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Soluble Iron in Alveolar Macrophages Modulates Iron Oxide Particle-Induced Inflammatory Response via Prostaglandin E2 Synthesis
Beck-Speier, I., W. Kreyling, K. L. Maier, N. Dayal, M. SCHLADWEILER, M. Semmler-Behne, AND U. P. KODAVANTI. Soluble Iron in Alveolar Macrophages Modulates Iron Oxide Particle-Induced Inflammatory Response via Prostaglandin E2 Synthesis. TOXICOLOGICAL SCIENCES. Society of Toxicology, RESTON, VA, 22(6):34, (2009).
Our study demonstrates that increased intracellular soluble iron modulates Fe2O3 particle-induced IL-6 release and inflammatory response via PGE2 production by alveolar macrophages. This is based on the evidence that greater solubility of 0.5 µm particles resulting in higher intracellular soluble iron was associated with higher PGE2 production and suppressed IL-6 release when compared to 1.5 µm particles. This conclusion is further supported by the fact that rats intratracheally instilled with 1.5 but not 0.5 µm Fe2O3 particles demonstrated lung neutrophilic inflammation. The suppressive effect of intracellularly released soluble iron on particle-induced inflammation has implication on how ambient PM-associated but soluble metals influence pulmonary toxicity of ambient PM. This work supports two health initiatives of PM. Identification of the mechanisms of PM health effects and causative components.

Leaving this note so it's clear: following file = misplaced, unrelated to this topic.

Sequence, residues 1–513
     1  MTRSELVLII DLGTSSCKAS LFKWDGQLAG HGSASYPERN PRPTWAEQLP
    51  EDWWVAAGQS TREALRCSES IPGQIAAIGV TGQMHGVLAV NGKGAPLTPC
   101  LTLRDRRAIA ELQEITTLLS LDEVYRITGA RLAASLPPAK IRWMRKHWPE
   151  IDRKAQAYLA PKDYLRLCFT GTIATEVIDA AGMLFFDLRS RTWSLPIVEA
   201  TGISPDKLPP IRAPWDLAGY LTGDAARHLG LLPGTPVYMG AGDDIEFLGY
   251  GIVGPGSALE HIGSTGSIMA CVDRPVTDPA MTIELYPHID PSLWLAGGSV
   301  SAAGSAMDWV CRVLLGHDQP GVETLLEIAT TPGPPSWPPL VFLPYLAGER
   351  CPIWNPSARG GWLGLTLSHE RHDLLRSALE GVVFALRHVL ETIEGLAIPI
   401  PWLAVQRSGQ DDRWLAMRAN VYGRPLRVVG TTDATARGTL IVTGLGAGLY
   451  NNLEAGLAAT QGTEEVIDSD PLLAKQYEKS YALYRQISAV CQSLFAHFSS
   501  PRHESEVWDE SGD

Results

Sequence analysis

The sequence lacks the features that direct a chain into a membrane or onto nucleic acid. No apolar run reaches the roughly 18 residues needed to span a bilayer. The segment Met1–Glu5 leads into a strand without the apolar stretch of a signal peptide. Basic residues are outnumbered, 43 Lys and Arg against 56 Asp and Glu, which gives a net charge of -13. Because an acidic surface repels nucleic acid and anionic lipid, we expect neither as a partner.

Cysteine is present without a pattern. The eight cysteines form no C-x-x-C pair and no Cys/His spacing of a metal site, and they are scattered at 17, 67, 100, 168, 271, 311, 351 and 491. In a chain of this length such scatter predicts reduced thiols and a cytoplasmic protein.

Ambient particulate matter (PM)-associated metals have been shown to play an important role in cardiopulmonary health outcomes. To study the modulation of inflammation by PM-associated soluble metal, we investigated intracellular solubility of radiolabelled iron oxide (59Fe2O3) particles of 0.5 and 1.5 µm geometric mean diameter. Further, Fe2O3 particles were examined for the release of interleukin 6 (IL-6) as pro-inflammatory and prostaglandin E2 (PGE2) as anti-inflammatory marker in cultured Wistar Kyoto (WKY) rat alveolar macrophages (AMs). We also exposed male WKY rats to monodispersed Fe2O3 particles by intratracheal instillation (0, 1.3 or 4.0 mg/kg body weight) to examine in vivo inflammation. Particles of both sizes are insoluble extracellularly but moderately soluble in AMs with an intracellular dissolution rate of 0.0037 ± 0.0014 d-1 for 0.5 and 0.0016 d-1 for 1.5 µm 59Fe2O3 particles. AMs exposed in vitro to 1.5 µm particles (10 µg/mL) for 24 h increased IL-6 release (1.8-fold; p < 0.05) and also PGE2 synthesis (1.9-fold; p < 0.01). By contrast, 0.5 µm particles did not enhance IL-6 but strongly increased PGE2 synthesis (2.5-fold, p < 0.01). Inhibition of PGE2 synthesis by indomethacin caused a proinflammatory phenotype as noted by increased IL-6 release from AMs exposed to 0.5 µm particles (up to3-fold; p < 0.05). In the rat lungs, 1.5 but not 0.5 µm particles (4.0 mg/kg) induced an influx of neutrophils and increased vascular permeability. In conclusion, intracellular soluble iron modulates Fe2O3 particle-induced neutrophilic inflammatory response in vivo and proinflammatory cytokine release in vitro by modulating PGE2 synthesis.